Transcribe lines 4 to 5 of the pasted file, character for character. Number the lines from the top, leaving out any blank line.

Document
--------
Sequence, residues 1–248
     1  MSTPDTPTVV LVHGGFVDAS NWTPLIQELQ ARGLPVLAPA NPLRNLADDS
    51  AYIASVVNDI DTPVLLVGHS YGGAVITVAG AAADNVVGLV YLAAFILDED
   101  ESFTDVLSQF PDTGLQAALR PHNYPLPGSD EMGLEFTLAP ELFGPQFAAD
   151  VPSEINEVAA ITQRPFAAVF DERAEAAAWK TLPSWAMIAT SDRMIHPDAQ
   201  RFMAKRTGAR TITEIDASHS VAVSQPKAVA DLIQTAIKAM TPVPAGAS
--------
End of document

   101  ESFTDVLSQF PDTGLQAALR PHNYPLPGSD EMGLEFTLAP ELFGPQFAAD
   151  VPSEINEVAA ITQRPFAAVF DERAEAAAWK TLPSWAMIAT SDRMIHPDAQ